What Deferment of Standard Diploma Means for Students with Disabilities
Updated: Jul 7, 2019
In the 2014-15 school year, the Florida legislature removed the special diploma option for students with disabilities who were entering ninth grade. This means that most students regardless of their disability will be placed on the standard diploma track with three different sub-tracks. Confused yet? Well, so are many parents of a child with a disability who must now navigate this new system along with all of the challenges that come with their child turning 18 and becoming a legal adult (See Guardian Advocacy Makes Florida Unique!).
There is no special diploma option for students with disabilities in Florida anymore
Specifically, the three standard diploma tracks are now as follows:
24-Credit Standard Diploma: option available to all students, including students with disabilities.
24-Credit Standard Diploma: option with academic and employment requirements, available only to students with disabilities.
24-Credit Standard Diploma: option available only to students with significant cognitive disabilities, who take access courses and the alternate assessment.
However, students with disabilities who receive a certificate of completion or GED and have not reached age 22, may still continue to receive their specified instruction and services, as long as they have an IEP that prescribes special education, transition planning, transition services, or related services through 21 years of age. Parents must declare an intent for their child to graduate with a certificate of completion during the transition planning process.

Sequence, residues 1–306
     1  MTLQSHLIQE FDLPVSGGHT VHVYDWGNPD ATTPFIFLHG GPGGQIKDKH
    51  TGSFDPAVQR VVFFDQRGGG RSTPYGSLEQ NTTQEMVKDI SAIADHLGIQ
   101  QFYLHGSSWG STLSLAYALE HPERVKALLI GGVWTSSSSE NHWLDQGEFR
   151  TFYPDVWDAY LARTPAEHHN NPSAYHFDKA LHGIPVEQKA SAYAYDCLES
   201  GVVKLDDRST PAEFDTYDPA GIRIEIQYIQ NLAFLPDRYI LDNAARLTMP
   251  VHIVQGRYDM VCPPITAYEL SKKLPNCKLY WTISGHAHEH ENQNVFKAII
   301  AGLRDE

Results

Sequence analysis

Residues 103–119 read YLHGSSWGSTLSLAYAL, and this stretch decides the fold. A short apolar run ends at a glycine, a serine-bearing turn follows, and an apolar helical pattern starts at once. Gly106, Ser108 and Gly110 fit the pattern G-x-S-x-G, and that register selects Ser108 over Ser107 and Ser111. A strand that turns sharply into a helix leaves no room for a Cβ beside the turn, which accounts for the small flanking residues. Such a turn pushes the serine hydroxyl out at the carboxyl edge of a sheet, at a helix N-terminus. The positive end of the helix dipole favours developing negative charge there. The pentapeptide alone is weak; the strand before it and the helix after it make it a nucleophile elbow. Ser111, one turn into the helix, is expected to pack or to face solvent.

Note that students with significant cognitive disabilities can still be evaluated using alternative assessments.
Parents must now affirmatively defer receipt of the standard diploma to retain ESE services
The reason all of this matters is that the removal of the special diploma can have a significant impact on the educational rights of students with disabilities. The Florida statutes now require parents or students, in consultation with the IEP team, to affirmatively defer receipt of the standard diploma in order to continue receiving special education services from their school district. This new rule was enacted despite the fact that the Individuals with Disabilities Education Act (IDEA) and the Florida Department of Education (DOE) provides for exceptional student education (ESE) services until the age of 21.
Now, not only must parents affirmatively defer receipt of the standard diploma for their child with a disability, there is also a two-part requirement that has to be met for continuing ESE services:
The student must have an individual education plan (IEP) that prescribes special education, transition planning, transition services, or related services through age 21.
The student must be enrolled in an extended transition program which vary from district to district. The extended transition programs may consist of industry certification courses that lead to college credit, a collegiate high school program, courses necessary for a Scholar designation, or structured work-study, internship, or pre-apprenticeship programs.